Monthly Archives: October 2015

SQL Agent CmdExec gotcha

I was writing a new SQL Agent job for somebody else so I thought I should comment it a bit more thoroughly than I usually do. There’s an Operating System (CmdExec) step that calls sqlcmd to run a script file:

sqlcmd -S localhost -E -d master -i "\\127.0.0.1\joblogs\somescript.sql" -b

This pattern works fine elsewhere. Here though, I added a comment just to point out something:

rem A comment
sqlcmd -S localhost -E -d master -i "\\127.0.0.1\joblogs\somescript.sql" -b

The job ran successfully but it was suspiciously fast. It turns out that’s because it didn’t do anything. Apparently SQL Agent interprets this differently. I know the DOS shell language is a bit arcane sometimes but rem means ‘ignore everything until the next command’. This works in a .bat file. I just tested to make sure I wasn’t going mad.

Time to dig deeper. Books Online (https://msdn.microsoft.com/en-GB/library/ms190264.aspx) says:

This topic describes how to create and define a Microsoft SQL Server Agent job step in SQL Server 2016 that uses an executable program or operating system command

That ‘an‘ is a subtle clue. I had always assumed this worked like a batch file but it seems only the first command gets executed. In my case the first line is commented out, which effectively means ‘do nothing’. I tested with multiple statements and again only the first one executed.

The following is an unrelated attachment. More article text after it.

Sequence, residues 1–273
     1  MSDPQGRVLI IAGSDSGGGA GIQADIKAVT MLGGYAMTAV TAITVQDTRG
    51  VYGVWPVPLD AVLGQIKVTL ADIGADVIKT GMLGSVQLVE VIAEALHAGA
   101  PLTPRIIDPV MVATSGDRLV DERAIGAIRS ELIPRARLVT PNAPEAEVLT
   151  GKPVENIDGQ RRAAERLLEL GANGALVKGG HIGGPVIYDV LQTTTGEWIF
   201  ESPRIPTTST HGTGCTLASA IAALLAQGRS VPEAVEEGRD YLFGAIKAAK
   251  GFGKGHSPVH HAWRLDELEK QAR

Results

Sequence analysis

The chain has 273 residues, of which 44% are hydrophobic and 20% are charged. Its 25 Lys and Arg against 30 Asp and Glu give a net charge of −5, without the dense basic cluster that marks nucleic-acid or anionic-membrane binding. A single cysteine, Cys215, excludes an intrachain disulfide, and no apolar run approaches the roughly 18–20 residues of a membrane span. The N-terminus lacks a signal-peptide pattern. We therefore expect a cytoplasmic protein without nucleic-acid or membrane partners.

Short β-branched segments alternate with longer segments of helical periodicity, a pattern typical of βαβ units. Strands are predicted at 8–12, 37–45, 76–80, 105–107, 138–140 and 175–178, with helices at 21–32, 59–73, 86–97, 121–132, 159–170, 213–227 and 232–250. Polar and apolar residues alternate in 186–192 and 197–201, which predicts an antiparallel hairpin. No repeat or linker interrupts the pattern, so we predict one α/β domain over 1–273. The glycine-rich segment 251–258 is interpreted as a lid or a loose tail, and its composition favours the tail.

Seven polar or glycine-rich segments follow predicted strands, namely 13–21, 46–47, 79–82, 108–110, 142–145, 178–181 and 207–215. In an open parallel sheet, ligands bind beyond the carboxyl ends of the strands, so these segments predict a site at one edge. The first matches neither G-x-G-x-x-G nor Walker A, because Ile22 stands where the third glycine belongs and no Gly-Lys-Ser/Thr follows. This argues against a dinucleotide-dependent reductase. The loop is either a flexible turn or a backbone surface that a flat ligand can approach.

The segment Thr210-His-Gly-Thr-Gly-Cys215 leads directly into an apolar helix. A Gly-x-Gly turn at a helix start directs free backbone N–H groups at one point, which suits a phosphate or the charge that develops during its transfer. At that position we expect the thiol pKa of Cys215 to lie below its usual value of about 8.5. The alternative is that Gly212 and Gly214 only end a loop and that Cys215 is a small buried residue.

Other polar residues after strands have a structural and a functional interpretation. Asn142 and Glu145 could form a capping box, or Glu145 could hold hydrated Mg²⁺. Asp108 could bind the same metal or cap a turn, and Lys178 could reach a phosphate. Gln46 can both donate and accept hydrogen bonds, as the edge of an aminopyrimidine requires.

So don’t confuse it with batch files. Put one command per step and – a bit of lateral thinking here – put your comments in the line(s) underneath:

sqlcmd -S localhost -E -d master -i "\\127.0.0.1\joblogs\somescript.sql" -b
rem A comment
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SQL download file names

When you go to download SQL Server cumulative updates the options can be pretty baffling. Which file(s) do you need? Here’s some help.

For example, if you go to SQL Server 2014 CU1 you are offered these files:

  • Update_SQL2014_RTM_CU1_2931693_12_0_2342_x64
  • 2014_RTM_AOrcleDes_CU1_2931693_12_0_2342_x64
  • 2014_RTM_AOrcleSer_CU1_2931693_12_0_2342_x64

There’s no explanation on the page but presumably it’s explained somewhere. It is, but it’s not easy to find. I asked on the MSDN forum and was pointed to this page which explains it quite clearly.